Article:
as far as con law goes, i have one word: chemerinsky. it bears repeating...chemerinsky. he has a soft-cover treatise on constitutional law, and it's the con law bible. i read that treatise in lieu of the casebook, at the end of the semester, and con law was my highest grade that semester. i didn't outline, or even look very much at my (almost nonexistent) notes...i just depended on old erwin to pull me through, and that he did.
i'm usually not so cavalier about not doing the reading. my con law class was just plain weird...i had a professor who talked to us as if we were philosophy grad students instead of law students. (he was a philosophy professor by trade, who taught law on the side.) his lectures were...opaque to put it nicely, or unintelligible to put it bluntly. he called on people in seating chart order, so you knew exactly what day you were going to be called on.
for any of my other classes, my regimen goes a little like this:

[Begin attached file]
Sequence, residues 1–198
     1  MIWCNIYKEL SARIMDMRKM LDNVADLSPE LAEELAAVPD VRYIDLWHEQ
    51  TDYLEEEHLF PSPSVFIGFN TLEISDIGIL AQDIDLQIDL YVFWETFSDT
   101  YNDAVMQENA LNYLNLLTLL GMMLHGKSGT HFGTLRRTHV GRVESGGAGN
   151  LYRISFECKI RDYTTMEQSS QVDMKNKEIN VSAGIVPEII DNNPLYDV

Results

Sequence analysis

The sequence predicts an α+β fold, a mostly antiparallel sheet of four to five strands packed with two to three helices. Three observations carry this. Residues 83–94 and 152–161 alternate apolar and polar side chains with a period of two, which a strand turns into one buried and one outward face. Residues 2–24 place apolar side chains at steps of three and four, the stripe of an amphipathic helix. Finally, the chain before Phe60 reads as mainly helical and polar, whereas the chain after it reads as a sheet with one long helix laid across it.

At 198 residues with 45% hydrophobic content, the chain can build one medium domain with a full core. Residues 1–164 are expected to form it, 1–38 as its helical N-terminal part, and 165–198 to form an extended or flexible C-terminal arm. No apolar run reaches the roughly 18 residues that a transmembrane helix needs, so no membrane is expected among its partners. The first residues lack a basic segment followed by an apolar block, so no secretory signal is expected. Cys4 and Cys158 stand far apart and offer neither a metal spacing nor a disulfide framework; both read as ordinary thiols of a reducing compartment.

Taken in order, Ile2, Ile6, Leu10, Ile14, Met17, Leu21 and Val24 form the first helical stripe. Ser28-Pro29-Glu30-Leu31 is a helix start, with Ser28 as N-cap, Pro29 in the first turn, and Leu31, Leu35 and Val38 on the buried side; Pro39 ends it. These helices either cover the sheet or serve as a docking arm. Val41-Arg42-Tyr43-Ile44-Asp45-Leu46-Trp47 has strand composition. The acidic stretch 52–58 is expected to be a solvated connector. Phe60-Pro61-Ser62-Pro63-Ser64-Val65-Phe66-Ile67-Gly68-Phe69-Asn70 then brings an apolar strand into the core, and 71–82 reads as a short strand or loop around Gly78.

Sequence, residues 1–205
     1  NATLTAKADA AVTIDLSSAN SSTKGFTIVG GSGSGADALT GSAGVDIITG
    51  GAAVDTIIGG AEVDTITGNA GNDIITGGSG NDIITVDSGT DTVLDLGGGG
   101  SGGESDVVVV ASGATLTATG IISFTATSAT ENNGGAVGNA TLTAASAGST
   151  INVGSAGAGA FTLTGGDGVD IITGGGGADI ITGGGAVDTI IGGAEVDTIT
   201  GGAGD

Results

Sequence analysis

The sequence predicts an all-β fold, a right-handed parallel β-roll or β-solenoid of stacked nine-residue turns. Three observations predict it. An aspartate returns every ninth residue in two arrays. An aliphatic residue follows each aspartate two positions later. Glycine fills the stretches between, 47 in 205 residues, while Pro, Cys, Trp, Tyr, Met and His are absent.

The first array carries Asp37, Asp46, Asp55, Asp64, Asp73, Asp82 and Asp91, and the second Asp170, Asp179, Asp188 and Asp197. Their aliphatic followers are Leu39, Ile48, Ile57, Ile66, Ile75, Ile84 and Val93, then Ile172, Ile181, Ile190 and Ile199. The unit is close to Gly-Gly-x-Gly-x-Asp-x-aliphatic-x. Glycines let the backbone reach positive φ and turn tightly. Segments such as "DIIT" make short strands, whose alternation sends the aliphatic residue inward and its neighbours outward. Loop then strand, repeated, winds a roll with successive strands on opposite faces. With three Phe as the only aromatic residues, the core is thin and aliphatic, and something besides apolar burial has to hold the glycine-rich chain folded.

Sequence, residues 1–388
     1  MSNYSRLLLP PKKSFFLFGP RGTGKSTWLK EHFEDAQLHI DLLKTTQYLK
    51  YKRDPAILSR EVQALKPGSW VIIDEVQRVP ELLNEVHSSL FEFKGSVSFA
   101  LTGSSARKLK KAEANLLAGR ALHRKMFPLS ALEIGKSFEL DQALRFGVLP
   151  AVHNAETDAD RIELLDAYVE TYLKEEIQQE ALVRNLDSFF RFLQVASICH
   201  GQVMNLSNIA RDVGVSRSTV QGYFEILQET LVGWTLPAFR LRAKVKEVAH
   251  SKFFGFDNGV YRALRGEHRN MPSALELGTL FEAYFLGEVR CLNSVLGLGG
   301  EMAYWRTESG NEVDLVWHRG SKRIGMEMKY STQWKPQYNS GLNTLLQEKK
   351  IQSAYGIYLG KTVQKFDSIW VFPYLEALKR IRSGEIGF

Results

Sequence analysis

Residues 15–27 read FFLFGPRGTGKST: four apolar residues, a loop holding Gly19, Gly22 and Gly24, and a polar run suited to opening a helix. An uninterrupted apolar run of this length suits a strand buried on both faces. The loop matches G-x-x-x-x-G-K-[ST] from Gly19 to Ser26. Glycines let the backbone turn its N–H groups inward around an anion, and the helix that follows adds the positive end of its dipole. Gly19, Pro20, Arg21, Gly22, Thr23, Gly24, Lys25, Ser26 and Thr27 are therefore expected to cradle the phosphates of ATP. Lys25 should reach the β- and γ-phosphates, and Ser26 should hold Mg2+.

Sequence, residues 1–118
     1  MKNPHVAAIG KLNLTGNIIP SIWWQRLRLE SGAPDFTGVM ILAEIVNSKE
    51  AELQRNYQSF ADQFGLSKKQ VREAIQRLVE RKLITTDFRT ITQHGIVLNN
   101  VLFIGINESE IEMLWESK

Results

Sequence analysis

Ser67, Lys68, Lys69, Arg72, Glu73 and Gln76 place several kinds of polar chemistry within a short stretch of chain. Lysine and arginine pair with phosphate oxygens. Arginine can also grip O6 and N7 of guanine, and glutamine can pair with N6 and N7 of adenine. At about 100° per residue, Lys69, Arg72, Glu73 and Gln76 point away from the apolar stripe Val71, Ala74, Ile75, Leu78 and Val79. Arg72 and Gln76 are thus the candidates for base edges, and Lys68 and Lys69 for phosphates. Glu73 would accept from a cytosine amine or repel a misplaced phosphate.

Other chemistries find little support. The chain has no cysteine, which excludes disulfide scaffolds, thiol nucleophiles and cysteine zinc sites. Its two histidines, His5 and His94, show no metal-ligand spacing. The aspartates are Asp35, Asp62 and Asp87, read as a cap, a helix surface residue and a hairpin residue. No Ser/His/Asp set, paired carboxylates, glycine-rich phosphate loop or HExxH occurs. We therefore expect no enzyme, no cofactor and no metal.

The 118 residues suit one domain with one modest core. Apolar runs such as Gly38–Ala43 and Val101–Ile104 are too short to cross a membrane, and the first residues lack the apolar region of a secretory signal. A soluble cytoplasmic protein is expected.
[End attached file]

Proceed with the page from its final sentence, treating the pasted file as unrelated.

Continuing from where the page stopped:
- stay on top of the reading for class. take notes in the book on things that jump out to help with class participation, and take good notes in class about what was discussed.
- at the end of the semester, right before the final, condense the material from the notes into an outline. outlining is a forced comprehensive review of the class, and involves running through the material from beginning to end, to refresh my memory.
- some classes are harder to outline or condense than others. that is where study aids come in. i don't buy study aids for every class, or even the majority of them, but i find myself quite partial to the "CaseNote" canned briefs, if i'm using a book that has a CaseNote volume keyed to it. CrunchTime is also a good series, because it is very clear, and has good practice problems to run through and discuss.